Much of Rachure’s focus was on the recovery process. He included dry berries, grapes, and green tea in his diet, as they are high in antioxidants and known to aid in recovery. Most of the protein intake came from natural sources instead of supplements. He took ice baths once every two weeks to relieve fatigue, which also prepared his body for the cold temperatures of Ladakh. Finally, for a week before the race, Rachure slept nearly 10 hours a day. âThe body would recover better at lower altitudes in Navi Mumbai, so I decided to spend more time here. Two weeks would be enough to acclimatize to the altitude, âhe says.
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The first three days in Leh were spent resting. On the fourth day, he traveled 45 km, but turned back after feeling uncomfortable. After two more days of rest, he covered 50 km on the flat and finally found his rhythm. Five days before the race, he did a final 68km run, then focused on his diet and fine-tuning his bike. âMuch of the food I ate was prepared by my sister, Sapana, so the nutrition was there. We could easily get some fresh, organic veg, so I think it worked out better. I stayed away from non-vegetarian foods other than eggs because digestion would be a problem at altitude, âhe says.
Along with Sumit Patil, a seasoned endurance cyclist familiar with the course, they defined the race strategy: where they could push, the right place to overtake other riders and where the elements could hinder their progress. The plan was to run alongside a team who had multiple cyclists, so he could maintain a higher speed while having them run compared to the solo participants. âI realized that if we kept the pace with the team, we could increase our time steadily in the first half of the race. I mentally divided the course into two sections – 380 km to Kargil, after which I would have three hours of rest. The body then resets itself, so that the last 220 kilometers are not so felt. By Khalsi, around 130 km in the race, we took the lead over all the runners. And I still hadn’t taken a break until then, âhe says.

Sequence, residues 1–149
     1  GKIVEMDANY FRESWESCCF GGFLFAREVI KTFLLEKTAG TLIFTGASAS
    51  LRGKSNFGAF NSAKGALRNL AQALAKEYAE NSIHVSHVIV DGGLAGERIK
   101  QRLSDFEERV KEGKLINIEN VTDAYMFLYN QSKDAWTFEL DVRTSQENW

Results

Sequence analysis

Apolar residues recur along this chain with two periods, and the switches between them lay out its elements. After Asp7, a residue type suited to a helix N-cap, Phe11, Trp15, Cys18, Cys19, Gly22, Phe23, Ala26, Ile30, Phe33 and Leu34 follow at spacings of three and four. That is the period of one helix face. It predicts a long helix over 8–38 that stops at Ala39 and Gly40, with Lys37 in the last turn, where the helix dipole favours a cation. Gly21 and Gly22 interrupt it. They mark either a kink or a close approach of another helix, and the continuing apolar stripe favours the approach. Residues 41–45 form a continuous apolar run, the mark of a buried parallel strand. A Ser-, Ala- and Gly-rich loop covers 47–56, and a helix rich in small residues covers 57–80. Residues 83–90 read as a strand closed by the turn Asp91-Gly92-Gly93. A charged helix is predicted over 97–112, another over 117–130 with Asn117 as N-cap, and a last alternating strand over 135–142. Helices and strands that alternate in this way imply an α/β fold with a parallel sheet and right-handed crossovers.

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The total time out of the saddle for the entire race was only 40 minutes, most of it changing his riding gear to adapt to the weather. By the time Rachure reached Kargil for the mandatory three-hour break, he had widened a 70km gap over the second-in-class rider. âThe first 380 kilometers decide if you’re going to win or lose. I knew where to push and how hard I could push, and where I had to take it slow. And my seasoned crew only complimented my efforts. This explains why I had such a solid finish, âsays Rachure.
Shail Desai is a freelance writer based in Mumbai.